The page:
Both Trump And Clinton Suggest Expanding Mass Surveillance, Bogus Watch Lists After Attack In Orlando

from the because-of-course dept

The script for what to do following a tragedy like the one in Orlando over the weekend is now quite clear: politicians want to appear "serious" about the issue, and thus they say stuff to appease people, even if what they say makes no sense. There was a lot of senseless rhetoric going around, of course, and we'll leave the usual debates about issues we don't cover on Techdirt to lots of other sites. But an issue we do cover is surveillance and bogus ideas like "watch lists" where a mere accusation leads to basic rights being taken away. And, unfortunately, it appears that both major Presidential candidates are advocating for greater surveillance and denial of civil liberties as a response to someone shooting up a nightclub and killing dozens of people.

Clinton's plan? Expand the "terrorist watch lists" despite the fact that there are hundreds of thousands of people who appear to be on the list for no reason at all, and whose lives are basically a living hell because of it. No matter, Clinton says let's expand it:
"We need to look carefully at this," she said. "Should we have a broader database? If someone comes to the attention of the FBI not once, but three times, that suggests that law enforcement needs to know, that people need to be more aware."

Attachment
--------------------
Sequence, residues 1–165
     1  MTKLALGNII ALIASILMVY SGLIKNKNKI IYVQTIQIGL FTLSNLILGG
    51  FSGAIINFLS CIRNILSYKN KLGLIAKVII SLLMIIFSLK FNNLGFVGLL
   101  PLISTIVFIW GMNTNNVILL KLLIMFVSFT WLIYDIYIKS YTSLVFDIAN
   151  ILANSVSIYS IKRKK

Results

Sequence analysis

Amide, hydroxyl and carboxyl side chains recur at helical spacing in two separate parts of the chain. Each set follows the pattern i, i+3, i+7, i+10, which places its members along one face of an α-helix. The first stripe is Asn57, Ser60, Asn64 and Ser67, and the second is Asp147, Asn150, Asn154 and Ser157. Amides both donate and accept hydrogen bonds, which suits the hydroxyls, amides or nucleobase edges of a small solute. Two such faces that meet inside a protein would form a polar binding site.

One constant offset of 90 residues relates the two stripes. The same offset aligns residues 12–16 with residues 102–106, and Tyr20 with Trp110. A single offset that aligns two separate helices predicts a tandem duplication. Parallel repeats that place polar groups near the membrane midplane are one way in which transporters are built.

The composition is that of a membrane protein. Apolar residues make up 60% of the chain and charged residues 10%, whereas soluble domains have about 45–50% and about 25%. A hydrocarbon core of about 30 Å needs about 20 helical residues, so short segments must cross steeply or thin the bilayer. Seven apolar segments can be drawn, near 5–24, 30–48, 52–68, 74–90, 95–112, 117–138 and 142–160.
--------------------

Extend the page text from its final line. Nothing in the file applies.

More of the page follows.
Meanwhile, Trump, beyond the much publicized and repeated plan to stop anyone who is a Muslim from immigrating to the country (even though the shooter was born here), also encouraged a much broader version of the already idiotic "see something, say something" campaign:
He also said Americans need to be willing to call the authorities when they see friends, family and neighbors performing suspicious activities.
Chelsea Manning, who is serving an insanely long sentence for leaking documents, wrote a thoughtful and insightful piece arguing for why we should not toss away our civil liberties in response to these attacks.
We must grieve and mourn and support each other, but in our grief and outrage we must resist any temptations to let this attack – or any attack – trigger anti-Muslim foreign policy, attacks on our civil liberties or as an excuse to descend into xenophobia and Islamophobia.

However, an attack like this is carefully planned and executed to maximize attention by inflaming the passions of a helpless public. Because of this, the response can be more dangerous than the attack. The refrains of “safety and security” have, for many years, been used as a tool by the powerful to justify curtailing civil liberties and emboldening backlash against immigrants, Muslim people and others.
Not for the first time, someone locked up on a questionable basis is making a lot more sense, and sounding a lot closer to the ideals of America, than either of people running to lead the country.

Filed Under: attacks, donald trump, hillary clinton, orlando, politics, see something say something, surveillance, terrorist watch list

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  1. identicon
    Anonymous Coward, 15 Jun 2016 @ 8:24am

    Re: We have ourselves to blame

    No...we dont. If the system hadn't been corrupted top to bottom, then maybe I could see your point. Saying we only have ourselves to blame completely ignores the problems of money in politics and election fraud, and probably many others.

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